Baseball is the most popular sport in the Dominican Republic and it’s played throughout the country. Any community, town, or city that you visit will have plenty of baseball fields. Another popular activity is dominos, a game that’s popularly played in teams of two in colmados (a mix of small supermarket and bar) all around the country.

What is one favorite memory of a Rustic Pathways program experience?
Getting to know the communities and the challenges they face and participating in community service.

Driving through the lush green mountains and admiring the scenery.

Going to the different beaches around the country, every beach in the DR is unique. Taking a boat to Saona Island and learning about turtle conservation.

What advice do you have for first-time visitors to the Dominican Republic?
Don’t be shy! Even if you don’t speak a lot of Spanish, Dominicans love to share with foreigners and really appreciate it when you try to speak Spanish. Also Dominicans like to practice their English even if they have to make up some words. We really appreciate people coming here to learn about our culture.

What are the main points of interest and landmarks?
The colonial zone, town of Jarabacoa, Saona Island.

What kind of music is widely popular?
Dominicans are famous for their love for dancing and music. The sounds of the Dominican Republic are mainly influenced by roots from West Africa and Europe. There are a great variety of traditional and urban rhythms which create an abundant musical tradition.

Merengue is the most famous music of Dominican Republic and is even considered a national dance. It is often shown as a music that represents the triple heritage of Dominican culture, mixing instruments of African, European, and indigenous Taino origin. It was recently named as a World Heritage by UNESCO.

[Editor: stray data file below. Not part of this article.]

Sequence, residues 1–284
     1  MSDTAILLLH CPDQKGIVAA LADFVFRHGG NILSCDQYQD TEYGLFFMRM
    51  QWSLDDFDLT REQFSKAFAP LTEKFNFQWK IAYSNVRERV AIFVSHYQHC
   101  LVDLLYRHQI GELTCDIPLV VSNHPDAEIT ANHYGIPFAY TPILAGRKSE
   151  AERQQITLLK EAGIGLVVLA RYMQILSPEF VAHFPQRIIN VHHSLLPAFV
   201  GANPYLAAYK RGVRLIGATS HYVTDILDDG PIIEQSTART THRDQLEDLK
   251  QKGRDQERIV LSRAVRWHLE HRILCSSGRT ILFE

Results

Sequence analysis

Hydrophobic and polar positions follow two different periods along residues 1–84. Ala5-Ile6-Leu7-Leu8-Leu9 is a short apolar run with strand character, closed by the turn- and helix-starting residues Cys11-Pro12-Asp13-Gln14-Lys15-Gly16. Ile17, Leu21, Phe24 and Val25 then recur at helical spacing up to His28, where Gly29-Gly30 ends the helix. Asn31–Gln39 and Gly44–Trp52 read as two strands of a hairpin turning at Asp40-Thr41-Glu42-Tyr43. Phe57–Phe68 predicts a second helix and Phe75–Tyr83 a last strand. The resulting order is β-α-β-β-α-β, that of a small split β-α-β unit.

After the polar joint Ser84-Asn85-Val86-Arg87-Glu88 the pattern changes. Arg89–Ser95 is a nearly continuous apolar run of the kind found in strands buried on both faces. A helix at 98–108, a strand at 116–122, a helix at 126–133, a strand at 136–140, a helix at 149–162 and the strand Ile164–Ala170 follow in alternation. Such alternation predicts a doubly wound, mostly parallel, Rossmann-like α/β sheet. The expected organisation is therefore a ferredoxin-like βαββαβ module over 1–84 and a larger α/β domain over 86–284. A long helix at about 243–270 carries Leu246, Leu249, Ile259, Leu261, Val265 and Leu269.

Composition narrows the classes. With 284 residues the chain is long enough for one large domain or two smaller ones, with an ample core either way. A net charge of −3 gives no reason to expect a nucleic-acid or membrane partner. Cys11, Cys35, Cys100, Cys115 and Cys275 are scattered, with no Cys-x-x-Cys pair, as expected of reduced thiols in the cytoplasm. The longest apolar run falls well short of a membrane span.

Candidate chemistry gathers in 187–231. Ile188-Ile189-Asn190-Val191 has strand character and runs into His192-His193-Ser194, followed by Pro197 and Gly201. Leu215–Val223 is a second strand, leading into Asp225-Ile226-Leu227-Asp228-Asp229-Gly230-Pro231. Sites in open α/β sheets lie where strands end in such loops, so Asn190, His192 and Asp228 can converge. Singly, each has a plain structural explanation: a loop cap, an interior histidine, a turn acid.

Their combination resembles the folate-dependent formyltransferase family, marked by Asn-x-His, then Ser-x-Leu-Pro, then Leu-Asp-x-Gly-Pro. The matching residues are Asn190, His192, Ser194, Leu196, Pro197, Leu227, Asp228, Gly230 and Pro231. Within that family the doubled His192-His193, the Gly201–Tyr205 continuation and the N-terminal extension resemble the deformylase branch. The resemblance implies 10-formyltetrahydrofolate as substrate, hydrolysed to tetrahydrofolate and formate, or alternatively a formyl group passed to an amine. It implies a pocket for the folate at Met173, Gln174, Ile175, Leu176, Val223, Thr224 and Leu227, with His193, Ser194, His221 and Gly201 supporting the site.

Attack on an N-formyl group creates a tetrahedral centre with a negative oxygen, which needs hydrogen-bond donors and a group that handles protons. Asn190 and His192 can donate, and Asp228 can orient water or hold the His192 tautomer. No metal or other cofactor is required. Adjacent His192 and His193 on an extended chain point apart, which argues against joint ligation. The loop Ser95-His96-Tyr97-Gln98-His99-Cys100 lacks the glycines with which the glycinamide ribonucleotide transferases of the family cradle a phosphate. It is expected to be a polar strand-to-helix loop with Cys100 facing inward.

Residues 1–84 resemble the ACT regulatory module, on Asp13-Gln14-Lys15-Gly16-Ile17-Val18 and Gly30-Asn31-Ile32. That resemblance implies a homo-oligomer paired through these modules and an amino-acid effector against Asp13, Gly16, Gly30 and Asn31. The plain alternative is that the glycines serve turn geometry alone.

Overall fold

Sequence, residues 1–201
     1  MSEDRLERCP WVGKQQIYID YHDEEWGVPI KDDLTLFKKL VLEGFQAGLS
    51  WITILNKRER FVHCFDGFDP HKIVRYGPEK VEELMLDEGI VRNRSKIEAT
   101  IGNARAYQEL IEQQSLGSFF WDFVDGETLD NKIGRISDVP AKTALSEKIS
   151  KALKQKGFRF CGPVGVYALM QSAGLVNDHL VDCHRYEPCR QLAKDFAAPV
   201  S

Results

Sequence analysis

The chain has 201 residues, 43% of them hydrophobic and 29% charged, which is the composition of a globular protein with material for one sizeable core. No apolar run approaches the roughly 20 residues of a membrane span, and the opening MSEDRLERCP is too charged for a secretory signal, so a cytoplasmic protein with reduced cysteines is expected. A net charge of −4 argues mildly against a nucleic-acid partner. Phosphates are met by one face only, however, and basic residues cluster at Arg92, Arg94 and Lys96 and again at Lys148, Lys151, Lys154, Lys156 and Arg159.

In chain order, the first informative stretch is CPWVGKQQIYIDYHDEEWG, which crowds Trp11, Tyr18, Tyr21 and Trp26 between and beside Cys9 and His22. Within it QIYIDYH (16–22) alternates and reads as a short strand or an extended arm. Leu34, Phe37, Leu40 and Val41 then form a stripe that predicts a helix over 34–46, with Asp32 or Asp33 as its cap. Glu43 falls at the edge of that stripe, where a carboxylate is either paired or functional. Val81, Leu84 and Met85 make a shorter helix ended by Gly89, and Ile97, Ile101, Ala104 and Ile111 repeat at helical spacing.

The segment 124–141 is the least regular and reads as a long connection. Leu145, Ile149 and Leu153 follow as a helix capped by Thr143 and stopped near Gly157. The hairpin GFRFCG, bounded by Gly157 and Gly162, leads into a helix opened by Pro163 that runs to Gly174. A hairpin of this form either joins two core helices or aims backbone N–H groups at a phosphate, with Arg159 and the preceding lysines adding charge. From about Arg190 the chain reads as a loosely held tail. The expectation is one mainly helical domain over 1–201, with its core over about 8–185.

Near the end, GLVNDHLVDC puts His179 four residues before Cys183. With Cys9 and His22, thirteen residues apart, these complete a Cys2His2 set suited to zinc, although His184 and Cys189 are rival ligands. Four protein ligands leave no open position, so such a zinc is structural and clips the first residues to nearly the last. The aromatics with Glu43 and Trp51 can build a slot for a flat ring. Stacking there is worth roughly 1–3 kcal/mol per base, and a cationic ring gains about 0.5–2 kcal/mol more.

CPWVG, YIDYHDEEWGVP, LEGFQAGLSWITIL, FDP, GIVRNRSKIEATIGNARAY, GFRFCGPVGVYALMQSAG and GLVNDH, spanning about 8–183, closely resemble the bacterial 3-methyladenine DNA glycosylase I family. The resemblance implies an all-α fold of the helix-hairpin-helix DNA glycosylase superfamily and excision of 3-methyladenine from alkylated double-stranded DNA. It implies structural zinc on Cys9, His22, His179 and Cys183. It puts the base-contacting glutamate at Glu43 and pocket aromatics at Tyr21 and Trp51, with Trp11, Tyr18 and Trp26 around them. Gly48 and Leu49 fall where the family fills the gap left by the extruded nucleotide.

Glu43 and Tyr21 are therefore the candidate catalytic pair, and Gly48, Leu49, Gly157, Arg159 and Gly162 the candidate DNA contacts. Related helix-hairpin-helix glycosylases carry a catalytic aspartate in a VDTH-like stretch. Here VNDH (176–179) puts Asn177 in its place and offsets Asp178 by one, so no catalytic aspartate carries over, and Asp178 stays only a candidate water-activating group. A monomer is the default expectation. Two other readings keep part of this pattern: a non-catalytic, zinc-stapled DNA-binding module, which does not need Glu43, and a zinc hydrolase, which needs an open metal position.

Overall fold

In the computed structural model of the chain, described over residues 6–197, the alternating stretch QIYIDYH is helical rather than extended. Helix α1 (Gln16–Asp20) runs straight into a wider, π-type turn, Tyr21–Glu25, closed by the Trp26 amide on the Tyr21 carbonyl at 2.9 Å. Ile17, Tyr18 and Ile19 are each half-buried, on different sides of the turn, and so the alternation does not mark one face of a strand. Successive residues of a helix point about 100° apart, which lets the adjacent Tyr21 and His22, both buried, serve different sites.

What documents are needed to enter the Dominican Republic?
A passport is required for entry into the country. A tourist visa, which can be bought at the airport is also required, but only for visits longer than 30 days.

How do people dress in the Dominican Republic?
In towns and villages long pants and shirts with sleeves are appropriate. At the beach you can wear your normal bathing suits and in cities you can wear shorts and t-shirts.

What are bathrooms like in the Dominican Republic?
Bathrooms in the Dominican Republic feature western toilets and showers.

Can I drink the water?
The tap water is not drinkable. Bottled water is available for purchase everywhere. Bottled water is provided on every program.

Do I need a vaccine?
No vaccinations are required if arriving from the United States or Europe.

What are the accommodations like?
Accommodations range from eco lodges featuring 2-4 beds per room, to base houses with 2-4 beds per room, to dorm style bedrooms in volunteer facilities that can accommodate up to 8 students per room.

What time of service project can I expect?
Service in the Dominican Republic varies depending on location. For programs based in the mountains students work on water access and sanitation projects, using picks and shovels to dig trenches and replacing old aqueducts or installing new ones. For programs based in the Bateyes of the East students work in infrastructure projects, building latrines and cementing floors for the communities of the Bateyes.

For village/homestays, where do students and teachers sleep?
For homestays students stay at their host family’s home and teachers sleep in eco-lodges located within the community and usually managed by community leaders.

For village/homestays, are the families we stay with background checked?
All homestays families are vetted and are required to present a recent background check. They are trusted families that have hosted students before both from Rustic and other organizations.

Will there be mosquito nets available? How do you manage mosquitos?
Mosquito nets will be available in every accommodation that doesn’t feature air conditioning. Program leaders also carry around bug spray, but bringing your own is recommended.

Can you accommodate dietary restrictions?
Yes, we can accommodate most dietary restrictions.

How do you all get around?
When on program we get around in vans, 30 passenger buses, open air trucks, small and medium boats and walking.

Manuel Del Villar

Program Manager

Manuel has a degree in chemical engineering from the University Pedro Henríquez Ureña and is currently pursuing a master’s in water treatment systems. He has two years of work experience in student travel with a Canadian company and started as a Rustic Program Leader in May of 2018. He has been a program leader on our Public Health in the Caribbean and was the leader on the inaugural program with our gap year partner Verto Education. Manuel is an enthusiastic, dynamic, and compassionate person. He loves traveling and teaching students about the culture and history of the Dominican Republic.

See Manuel’s Profile Page